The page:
Ford Escape Collision Avoidance Intelligence
Our most recent SUV purchase was the 2020 Ford Escape. Most of our friends probably cannot tell the difference between the 2014 red Escape we traded in for the red 2020 model. The colors are the same and the body styles are very similar. But there are some additional features in the 2020 model that are remarkable. There are several features that, when turned on, are very helpful aids with remarkable capabilities and excellent response times. The car can “see”, and it can react to dangers.
Some of the features include blind-spot monitors, lane-departure warning, and forward collision mitigation. If I turn on the features, the Escape will stay in the lane. It will brake (when on cruise control) if a car pulls in front of me that isn’t increasing in speed. It will tell me to put my hands back on the wheel if I take them off while on the driving assistance controls.
Four Reasons to Avoid ROTH Conversions
The first should be obvious. If you bought a poor investment, and it has dropped dramatically in value, then moving the bad investment from your IRA to your ROTH is, in my opinion, a dumb thing to do. Bad investments should be sold. Don’t hold onto a bad investment thinking, “It might get better.” It rarely does. If most investors are selling an investment, the prudent investor sees it as a poor risk.
The second reason has to do with dividends. You might want to convert dividend paying investments that have dividend growth from your IRA to your ROTH. If there is no income, it might still be a good conversion candidate. But avoid conversions of positions that don’t follow your core strategy. If your core strategy is dividend growth, then avoid converting assets that don’t align with your core. So, for example, I have non-dividend speculative investments in my traditional IRA. I am not converting them to my ROTH.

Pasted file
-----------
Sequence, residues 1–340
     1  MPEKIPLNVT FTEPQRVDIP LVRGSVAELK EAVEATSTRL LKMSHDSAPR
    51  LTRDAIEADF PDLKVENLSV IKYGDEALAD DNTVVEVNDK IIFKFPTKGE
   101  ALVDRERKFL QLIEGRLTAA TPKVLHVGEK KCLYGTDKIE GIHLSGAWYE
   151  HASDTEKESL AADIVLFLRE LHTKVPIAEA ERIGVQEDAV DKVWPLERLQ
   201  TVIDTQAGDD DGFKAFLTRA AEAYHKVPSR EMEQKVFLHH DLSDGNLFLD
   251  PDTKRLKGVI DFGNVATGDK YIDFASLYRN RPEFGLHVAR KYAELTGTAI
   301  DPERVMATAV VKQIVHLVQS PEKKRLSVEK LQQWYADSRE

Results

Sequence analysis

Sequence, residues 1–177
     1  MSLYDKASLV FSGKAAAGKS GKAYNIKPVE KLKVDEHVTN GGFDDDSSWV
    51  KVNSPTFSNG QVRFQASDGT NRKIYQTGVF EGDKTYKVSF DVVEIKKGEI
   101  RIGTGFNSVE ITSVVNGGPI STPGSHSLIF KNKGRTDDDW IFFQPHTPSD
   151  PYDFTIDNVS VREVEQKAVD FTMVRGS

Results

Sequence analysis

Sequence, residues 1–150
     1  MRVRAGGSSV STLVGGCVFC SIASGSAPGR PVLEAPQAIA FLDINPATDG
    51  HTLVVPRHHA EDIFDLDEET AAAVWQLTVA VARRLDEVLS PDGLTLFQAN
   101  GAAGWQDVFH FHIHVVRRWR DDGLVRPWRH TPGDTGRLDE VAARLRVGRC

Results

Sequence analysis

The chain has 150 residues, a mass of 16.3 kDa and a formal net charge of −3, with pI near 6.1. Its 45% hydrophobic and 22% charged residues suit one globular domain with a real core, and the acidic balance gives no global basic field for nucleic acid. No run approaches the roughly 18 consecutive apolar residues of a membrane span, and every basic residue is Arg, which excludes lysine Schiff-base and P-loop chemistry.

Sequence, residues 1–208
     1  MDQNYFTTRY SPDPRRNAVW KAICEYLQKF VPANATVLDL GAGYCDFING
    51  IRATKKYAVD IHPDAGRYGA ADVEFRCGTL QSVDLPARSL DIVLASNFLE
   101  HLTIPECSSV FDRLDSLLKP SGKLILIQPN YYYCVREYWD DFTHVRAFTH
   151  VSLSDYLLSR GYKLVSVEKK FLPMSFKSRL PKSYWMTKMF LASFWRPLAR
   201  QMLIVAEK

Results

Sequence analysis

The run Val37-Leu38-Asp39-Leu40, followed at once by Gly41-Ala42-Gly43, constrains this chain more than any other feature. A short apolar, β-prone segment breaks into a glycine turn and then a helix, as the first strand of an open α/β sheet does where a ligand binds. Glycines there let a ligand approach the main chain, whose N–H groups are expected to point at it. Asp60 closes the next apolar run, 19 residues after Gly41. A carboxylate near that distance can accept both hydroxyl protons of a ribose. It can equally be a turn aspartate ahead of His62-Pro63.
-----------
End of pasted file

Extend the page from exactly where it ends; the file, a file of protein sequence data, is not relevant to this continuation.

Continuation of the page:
The third reason is income taxes. In retirement you want to pay attention to your adjusted gross income so that you don’t inadvertently bump yourself into an income category that increases your Medicare premiums. In our case, I don’t really want our adjusted gross income as a married couple to exceed $185,000 in 2022. Each ROTH conversion increases that income. Therefore, I add all of our income for the year (and projected income) to determine how many dollars remain for conversions.
Finally, you should be thoughtful about your working years income and tax bracket and how that will change in retirement. If you are a high-income household, and in retirement you anticipate your income being considerably less, then doing a ROTH conversion is not the most sensible approach for you to take.
STOR Shares Were Converted Yesterday
So I’ve done my homework. We are still below $185,000 in AGI. It is highly likely that our combined Social Security income, dividend income, capital gain income, earned income, and RMD’s will keep us in a higher tax bracket. Therefore, I converted all of my shares of STOR (STORE Capital Corporation) from my IRA to my ROTH.
My concern is that my previous posts about ROTH conversions might cause my readers to think that “all ROTH conversions are good.” Like just about everything else in life, there are exceptions. Only convert if the income and tax implications make sense.
Cindie and I own 600 shares of STOR as a long-term investment.